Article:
What is French Music? Claude Debussy to Serge Gainsbourg to Rachid Taha


History

French music has made advances in technological mastery, originality, subtlety of expression [1].


French music, through its exploration of new fields of harmonic effect, stylistic adaptability, clarity and fineness of emotional discrimination, has exercised an influence upon the entire musical world.


During the first half of the nineteenth century, French music, largely given over to opera, had been unduly eclectic in character.


Claude Debussy is seen as the most experimental musician in French music history [2].


Debussy succeeded in drawing from a combination of tones exactly appropriate to his descriptive needs and just as characteristic as those he employed for the orchestra or for ensemble music, from his first attempts [3].


Meanwhile, Debussy’s piano music, too, has its constant poem living in it, moderating or sharpening its infectious nature, which slows down its pace making time freeze into blissful moments of melancholy.


Serge Gainsbourg

Serge Gainsbourg (1928-1991) was perhaps the most iconic figure in French musical history. Gainsbourg redefined French pop, from his beginning as a cynical chansonnier and mambo-influenced jazz artist to the ironic "yé-yé" beat and lush orchestration of his 1960s work to his launching of French reggae in the 1970s to the electric funk and disco of his last albums [4].


But Gainsbourg made music with such beauties as Brigitte Bardot and Jane Birkin, and much of the music explored erotic themes. He was an iconic provocateur whose heavy breathing "Je t'aime moi nonplus" was banned from airwaves throughout Europe and whose reggae version of the "Marseillais" earned him death threats from the right. 


His magnum opus was his 1971 album Histoire de Melody Nelson was only 28 minutes long, and it features lavish songs that featured luxurious orchestra, sharp string stabs and treacly bass. It’s a cinematic tour de force that features a mixture of alluring pop songs that tell a story with sensual wordplay.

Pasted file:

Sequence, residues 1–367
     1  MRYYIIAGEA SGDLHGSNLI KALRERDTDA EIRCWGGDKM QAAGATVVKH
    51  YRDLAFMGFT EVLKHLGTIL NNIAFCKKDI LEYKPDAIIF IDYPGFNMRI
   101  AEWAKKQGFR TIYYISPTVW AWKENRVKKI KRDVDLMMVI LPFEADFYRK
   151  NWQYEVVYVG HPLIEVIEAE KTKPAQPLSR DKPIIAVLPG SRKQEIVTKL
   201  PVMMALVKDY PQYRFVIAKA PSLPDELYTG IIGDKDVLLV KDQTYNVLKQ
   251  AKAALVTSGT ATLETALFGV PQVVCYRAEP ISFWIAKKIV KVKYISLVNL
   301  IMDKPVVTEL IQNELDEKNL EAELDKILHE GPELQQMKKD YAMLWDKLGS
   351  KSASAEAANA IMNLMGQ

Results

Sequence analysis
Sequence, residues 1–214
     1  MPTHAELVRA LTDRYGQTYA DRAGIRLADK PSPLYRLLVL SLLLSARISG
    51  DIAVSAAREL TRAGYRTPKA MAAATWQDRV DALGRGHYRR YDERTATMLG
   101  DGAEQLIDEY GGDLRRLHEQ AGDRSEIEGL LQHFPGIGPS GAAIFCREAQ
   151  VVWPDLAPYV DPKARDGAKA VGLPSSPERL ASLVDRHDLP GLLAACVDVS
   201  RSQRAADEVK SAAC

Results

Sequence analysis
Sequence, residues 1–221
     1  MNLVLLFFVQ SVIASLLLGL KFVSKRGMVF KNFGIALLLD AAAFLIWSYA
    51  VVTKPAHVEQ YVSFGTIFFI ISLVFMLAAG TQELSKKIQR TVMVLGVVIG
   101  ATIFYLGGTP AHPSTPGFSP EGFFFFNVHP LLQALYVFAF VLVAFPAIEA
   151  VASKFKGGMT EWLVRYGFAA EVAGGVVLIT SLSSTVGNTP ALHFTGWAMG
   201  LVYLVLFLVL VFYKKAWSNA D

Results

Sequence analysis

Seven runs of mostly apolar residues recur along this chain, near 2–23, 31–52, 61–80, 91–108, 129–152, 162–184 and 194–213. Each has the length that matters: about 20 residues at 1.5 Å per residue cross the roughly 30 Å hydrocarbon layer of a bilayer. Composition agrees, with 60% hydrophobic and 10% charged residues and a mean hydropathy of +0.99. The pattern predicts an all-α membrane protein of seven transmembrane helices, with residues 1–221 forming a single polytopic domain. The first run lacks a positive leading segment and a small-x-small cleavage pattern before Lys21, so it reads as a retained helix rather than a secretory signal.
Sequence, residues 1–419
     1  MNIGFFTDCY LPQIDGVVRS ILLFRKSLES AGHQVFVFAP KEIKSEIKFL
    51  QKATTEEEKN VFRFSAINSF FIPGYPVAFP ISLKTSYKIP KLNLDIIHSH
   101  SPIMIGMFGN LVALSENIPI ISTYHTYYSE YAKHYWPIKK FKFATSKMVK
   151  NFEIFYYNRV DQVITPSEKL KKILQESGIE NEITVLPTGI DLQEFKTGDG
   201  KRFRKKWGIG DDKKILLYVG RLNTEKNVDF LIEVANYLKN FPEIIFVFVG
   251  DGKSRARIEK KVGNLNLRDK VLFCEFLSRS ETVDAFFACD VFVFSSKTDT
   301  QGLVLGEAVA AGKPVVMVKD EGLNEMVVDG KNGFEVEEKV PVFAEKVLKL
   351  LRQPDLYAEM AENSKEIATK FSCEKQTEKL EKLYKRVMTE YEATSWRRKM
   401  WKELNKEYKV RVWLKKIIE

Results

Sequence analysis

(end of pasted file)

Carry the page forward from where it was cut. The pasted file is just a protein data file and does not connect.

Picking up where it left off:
Rachid Taha

Rachid Taha is a postcolonial figure who moved to France at the age of 10 from Algeria. Indeed, Taha was one of the most well-known French Algerian musicians working in popular music in France [5].


He also has a considerable following in the English world. Taha’s earth shattering mixture of Rock and traditional Algerian Chaabi music expresses the experience of being identified as neither French nor Algerian while also feeling that both heritages are central to his identity as a Beur. Taha’s first group was formed in the 80s.


Carte de Séjour was a provocative band that attempted to build bridges between the Maghreb and France. It was a punk, rock Chaabi fusion band that expressed Taha’s anger at France’s racist policies.


Starting from a track on their first album, Rhorhomanie. uses phrases from Arabic, French and English. The bands provocative song Douce France was a cover of Charles Trenet patriotic song of the same name.


The North African twist that Taha and his band members sprinkled into the song infuriated nationalists, but it solidified Taha’s status as an activist who spoke for immigrants. In the early 90s, Taha started a solo career and offered unique covers of Dahmane al Harrachi’s song Ya Rayah and The Clash’s Rock the Casbah.


Taha was known for his eclecticism. In the 1970s, he founded the nightclub The Rejects, where he was a DJ who was mixing Oum Kalthoum with Kraftwerk, which was something unprecedented and revolutionary at that time.


His music is full of anger at French colonialism, Arab corruption and religious fundamentalism. His music features an eccentric range of genres, as he mixes rock, rai, Algerian chaabi, rumba pop, electronica, punk, techno and dance.


On his CD's, this translates to a blissful mix of anger and melancholy. Taha reimagined what is possible in the realm of so called "world music". He has created a cosmopolitan dialogue that tears down borders and creates a utopian world that is without corruption and injustice. Taha is a humane visionary who imagines a world filled with love and culture.


Sources

[1] Hill, Edward Burlingame. Modern French Music. London: G. Allen & Unwin, 1924. [2] Kelly, Barbara L. French music, culture, and national identity, 1870-1939. Vol. 54. University Rochester Press, 2008. [3] Cortot, Alfred. The piano music of Claude Debussy. J. & W. Chester, 1922. [4] Verlant, Gilles. Gainsbourg: The Biography. TamTam Books, 2012. [5] Stratton, Jon. "Rachid Taha and the postcolonial presence in French popular music." Performing Islam 1, no. 2 (2013): 185-206